For Colorado Fair Wednesday and
'' Local Record.
OMAHA, Dec. I. Official record of tem
perature and precipitation as compared
with the corresponding day of the last
three years:
1905. 1904. 1903. 1902.
Maximum temperature... II 21 29
Minimum temperature.... M 23 14 IS
Mean temperature M ; 26 20 24
Precipitation 00 .00 .00 .00
Temperature and 'precipitation depar
tures from the normal at Omaha since
March 1 and comparisons with the last
two years:
Normal temperature '...;........., 3t
Kxcnss for the day ........... (
Total excess since March 1.., Mi
Normal precipitation 04 Inch x
Deficiency for the day 04 Inch
Precipitation since March 1... .. 27. 89 Inches
Deficiency since March 1 2.01 Inches
Deficiency tor cor. period.) 1904... SIM inches
Excess for cor. period., 190.
1.70 Inches
Reports from Stations at T P. M.
Gtatinn and State
Tern. - Max. Rain-
of Weather.
fllsmarck, clear
Cheyenne, clear
Chicago, cloudy .....
Davenport, . cloudy
Denver, clear
Havre, clear
Helena,' cloudy .......
Huron,, clear .........
Kansas City, clear ..
North Platte, clear ,.
Omaha, clear
Rapid City, clear
8t. lyOiils, cloudy.....
Bt. Puul. clear
Bait Iake City, clear
Valentine.- clear ...i.
WllUston. clear
T p. rri. Tern,
. .00
A 4
- .Oil
T indicates trace of precipitation.
L. A. WEL8II, Local Forecaster.
(, Your Interests Are
T You help pay tha rail
Alroad freight rata. How
much do. you Know
about It? ...
- "Ray Btannard Raker's initial
article in McClure's for November
Is timely, and throws the subject Into
popular form. I,t shows the tremen
dous importance of the whole matter
and at the same time the burning
confusion and glaring abuses de
veloped bK. . uncontrolled railroad
managers," Chicago Tribune.
Ihe December Installment
is better, mora Interesting
and goes fart rter. -Read It.
It Is vital; it is true; it la fair.
All newi stands, loc, lit a year
Over 414,000 families are reading
McClure's Magazine
- v v - ' . v . -
44-00 East 23d Street. NEW TOKK
The law of '98 has re-,
strictod Savings Banks
in Nebraska from loan
ing money except on
first mortgages, on. real,
estate; general fund
warrants, bonds and
securities of known
marketable value.
Therefore the Savings
Bank is safe. ,
The only' bank In Omaha gov
erned by this law ta the
City Savings; Bank
1 6th and Douglas Sts. '
fejgihSStnrwSalM JiwwESSsTsTsjf sEssSShSsSssfflEsSsS
Don't Wait
Until Tour
Comes In
rt's a wrong Idea to think
you have to wait for a watch, a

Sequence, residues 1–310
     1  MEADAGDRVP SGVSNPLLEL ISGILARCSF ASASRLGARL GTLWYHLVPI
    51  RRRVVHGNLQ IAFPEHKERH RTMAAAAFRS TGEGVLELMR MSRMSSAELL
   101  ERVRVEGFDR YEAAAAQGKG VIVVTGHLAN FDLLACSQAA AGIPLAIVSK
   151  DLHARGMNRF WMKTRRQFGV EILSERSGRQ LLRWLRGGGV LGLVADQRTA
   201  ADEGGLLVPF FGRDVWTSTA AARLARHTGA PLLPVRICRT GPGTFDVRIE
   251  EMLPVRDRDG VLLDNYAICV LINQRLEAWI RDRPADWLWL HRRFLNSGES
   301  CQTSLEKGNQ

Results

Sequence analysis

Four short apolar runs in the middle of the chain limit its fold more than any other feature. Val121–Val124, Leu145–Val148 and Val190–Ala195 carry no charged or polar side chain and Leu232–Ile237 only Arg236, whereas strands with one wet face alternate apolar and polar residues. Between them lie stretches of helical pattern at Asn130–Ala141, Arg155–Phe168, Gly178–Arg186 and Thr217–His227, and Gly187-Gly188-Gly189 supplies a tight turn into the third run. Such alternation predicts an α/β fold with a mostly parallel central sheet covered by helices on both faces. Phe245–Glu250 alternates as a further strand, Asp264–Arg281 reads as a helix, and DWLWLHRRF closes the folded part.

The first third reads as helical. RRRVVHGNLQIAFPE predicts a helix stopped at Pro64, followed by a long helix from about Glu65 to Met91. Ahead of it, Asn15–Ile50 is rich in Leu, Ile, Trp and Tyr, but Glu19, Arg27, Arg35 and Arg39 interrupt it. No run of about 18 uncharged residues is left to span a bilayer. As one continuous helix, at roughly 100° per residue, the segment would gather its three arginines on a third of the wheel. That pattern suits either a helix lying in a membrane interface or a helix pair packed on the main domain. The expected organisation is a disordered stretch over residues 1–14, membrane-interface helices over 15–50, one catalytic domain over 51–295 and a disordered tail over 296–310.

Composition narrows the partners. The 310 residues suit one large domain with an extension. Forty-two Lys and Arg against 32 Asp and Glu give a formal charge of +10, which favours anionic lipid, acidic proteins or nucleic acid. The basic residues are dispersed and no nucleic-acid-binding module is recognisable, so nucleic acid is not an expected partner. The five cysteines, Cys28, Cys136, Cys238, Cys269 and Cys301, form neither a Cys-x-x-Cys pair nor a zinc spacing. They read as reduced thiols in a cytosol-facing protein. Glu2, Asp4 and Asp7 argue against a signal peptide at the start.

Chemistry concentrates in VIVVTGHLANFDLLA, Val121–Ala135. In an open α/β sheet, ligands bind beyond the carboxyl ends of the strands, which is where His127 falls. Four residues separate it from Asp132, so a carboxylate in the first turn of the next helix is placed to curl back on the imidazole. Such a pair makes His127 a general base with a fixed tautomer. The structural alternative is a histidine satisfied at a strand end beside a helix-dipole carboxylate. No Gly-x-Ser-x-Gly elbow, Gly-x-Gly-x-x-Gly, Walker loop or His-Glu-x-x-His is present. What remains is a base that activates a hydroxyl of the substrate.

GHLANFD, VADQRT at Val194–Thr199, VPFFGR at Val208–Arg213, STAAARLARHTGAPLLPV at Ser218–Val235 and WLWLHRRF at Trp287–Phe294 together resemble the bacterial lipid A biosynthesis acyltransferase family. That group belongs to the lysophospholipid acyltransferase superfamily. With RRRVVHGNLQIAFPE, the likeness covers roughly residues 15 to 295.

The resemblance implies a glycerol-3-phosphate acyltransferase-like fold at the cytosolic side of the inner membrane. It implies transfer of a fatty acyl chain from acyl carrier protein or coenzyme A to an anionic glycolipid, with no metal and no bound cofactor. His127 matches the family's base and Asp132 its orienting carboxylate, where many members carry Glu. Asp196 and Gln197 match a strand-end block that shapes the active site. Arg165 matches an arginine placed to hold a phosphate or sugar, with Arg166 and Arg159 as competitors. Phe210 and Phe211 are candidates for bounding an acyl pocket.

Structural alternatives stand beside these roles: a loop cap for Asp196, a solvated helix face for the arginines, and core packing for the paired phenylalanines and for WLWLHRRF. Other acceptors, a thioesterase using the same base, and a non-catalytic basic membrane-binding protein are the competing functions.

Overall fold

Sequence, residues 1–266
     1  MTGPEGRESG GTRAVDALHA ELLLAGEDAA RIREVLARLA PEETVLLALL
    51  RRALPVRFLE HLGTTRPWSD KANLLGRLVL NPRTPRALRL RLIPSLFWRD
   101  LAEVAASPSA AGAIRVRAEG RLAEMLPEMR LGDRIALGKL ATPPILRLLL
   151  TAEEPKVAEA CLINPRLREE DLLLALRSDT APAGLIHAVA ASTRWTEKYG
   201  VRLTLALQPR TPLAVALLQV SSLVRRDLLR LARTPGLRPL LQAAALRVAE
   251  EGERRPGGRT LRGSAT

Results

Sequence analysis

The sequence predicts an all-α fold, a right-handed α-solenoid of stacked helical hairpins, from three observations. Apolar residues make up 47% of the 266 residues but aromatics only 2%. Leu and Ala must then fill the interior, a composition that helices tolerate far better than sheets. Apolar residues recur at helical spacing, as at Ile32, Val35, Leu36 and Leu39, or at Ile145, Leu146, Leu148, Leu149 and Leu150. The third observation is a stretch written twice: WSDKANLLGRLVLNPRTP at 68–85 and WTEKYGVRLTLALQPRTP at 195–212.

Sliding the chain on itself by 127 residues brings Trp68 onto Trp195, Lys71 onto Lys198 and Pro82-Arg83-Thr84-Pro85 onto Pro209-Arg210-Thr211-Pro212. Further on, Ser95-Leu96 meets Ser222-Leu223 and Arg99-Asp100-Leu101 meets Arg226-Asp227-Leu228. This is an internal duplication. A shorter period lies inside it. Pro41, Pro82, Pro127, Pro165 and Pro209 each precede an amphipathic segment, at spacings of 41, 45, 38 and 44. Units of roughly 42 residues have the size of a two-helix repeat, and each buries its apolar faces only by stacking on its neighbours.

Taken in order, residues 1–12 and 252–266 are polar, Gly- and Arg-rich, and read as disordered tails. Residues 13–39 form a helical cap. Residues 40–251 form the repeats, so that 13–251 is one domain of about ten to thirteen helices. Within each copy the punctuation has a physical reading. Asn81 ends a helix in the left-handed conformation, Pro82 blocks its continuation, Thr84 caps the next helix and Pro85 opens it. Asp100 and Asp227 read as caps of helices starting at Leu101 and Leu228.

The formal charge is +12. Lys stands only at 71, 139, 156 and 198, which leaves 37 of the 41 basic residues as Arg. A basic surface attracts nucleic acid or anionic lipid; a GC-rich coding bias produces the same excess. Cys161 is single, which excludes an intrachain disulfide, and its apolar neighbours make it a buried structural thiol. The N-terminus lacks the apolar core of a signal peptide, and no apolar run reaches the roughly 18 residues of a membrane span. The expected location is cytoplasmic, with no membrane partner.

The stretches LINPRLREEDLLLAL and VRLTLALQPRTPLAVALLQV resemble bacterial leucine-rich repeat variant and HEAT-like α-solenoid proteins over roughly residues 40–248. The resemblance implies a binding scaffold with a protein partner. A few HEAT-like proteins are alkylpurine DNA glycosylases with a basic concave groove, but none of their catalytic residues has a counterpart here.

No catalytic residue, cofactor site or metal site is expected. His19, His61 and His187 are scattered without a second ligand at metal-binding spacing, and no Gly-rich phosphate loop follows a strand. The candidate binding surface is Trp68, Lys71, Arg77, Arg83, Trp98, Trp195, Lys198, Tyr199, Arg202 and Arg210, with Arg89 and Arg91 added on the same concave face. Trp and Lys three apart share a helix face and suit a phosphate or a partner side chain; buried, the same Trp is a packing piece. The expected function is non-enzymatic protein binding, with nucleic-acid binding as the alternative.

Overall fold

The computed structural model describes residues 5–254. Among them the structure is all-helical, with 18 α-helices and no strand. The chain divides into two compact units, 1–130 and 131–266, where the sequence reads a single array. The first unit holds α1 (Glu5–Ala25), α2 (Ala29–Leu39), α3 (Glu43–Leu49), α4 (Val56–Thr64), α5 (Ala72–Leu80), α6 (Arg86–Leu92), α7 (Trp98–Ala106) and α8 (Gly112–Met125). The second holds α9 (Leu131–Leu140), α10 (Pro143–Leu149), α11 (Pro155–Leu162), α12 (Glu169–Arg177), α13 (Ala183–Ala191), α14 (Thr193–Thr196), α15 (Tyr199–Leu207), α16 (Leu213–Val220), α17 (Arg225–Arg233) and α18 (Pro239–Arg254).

diamond or some -Jewelry, until
you hare accumulated th full
cost of one. Buy one from tne on
And pay for.Jt as you feel able.
A. Mandelherg
' ' The Leading Jeweler
' Open
Have your plumbing and heating done by
competent men. We cheerfully give esti
mates and guarantee onrwoVk' to give en
tire satisfaction. ;Phoues, Nos. litbtj, ttrufi
and Red-6773. . ,4
2910 Farnam Street. ,
. . .-.OMAHA. " i W
' The only Mali arreda Bsklnar Sswas '
maaa at a moderate pries.:. 1
''t I jr
1 ii i ' .:- -
AMCSEMfcilTI. ' '' '
r ni I CX. Prloes IBe, 26c, SOa, TJo.
1VKUU Mats. Anv Beat; 26c. '
? . .
TONIGHT 8:15 .. ".'
Matinee Today X5o
- WM. T. KEOGH'S. .
Magnificent Production of '-.-'
The Gipsy Girl
. . ' - vi. j.r
. A Heart Story of Tears and Laughter.
Sis Hopldno
Original Production. ' ' Sterling CaA,
; i . ? sunpat i i - - -
Woodward A Burgess
Hall Caina'S Masterpiece- ' J'
With Jane Kennsrk and Original Cast.
Mias Kennark will, hold Reueplitin
after Matinee.
F. C. Whitney's Big Musloat BpeoUole,
UtWO OF woo.
BURWGQQ N'bts Bun. Mats. 10c
DUnnUUU -t ue, ,Thurs..8at Mnts 10-
v aad All track '' :
Under the. Ited '. Robe
Thursday Matinee Double Orchestra,.
, Next. Week-Why Smith Lft Home.
fluditcrium RcHsr Rink
Big Race Wednesday Kight
Thursday Matinee.
Muslo by the Band and
Skating every afternoon and evening
except Sunday. .' "'
Admission loc. Skates 15c. Wraps lc
'Pbons 494. '
Every Night Mat)eeThursdsy; turds y.
Buniiay. ... . ,
Mina Morris A Co.. t'relie s Kurapean
Novelty, the Thise Nivnro, Powell, Me
luni 'i'rio. Joseph Ntwumn, Zlniiuer, and
the Klnodrom. '
PRICES-lOc. tiic' 80c. " '" '
aVDUISolON Jfe Ci-NTlaj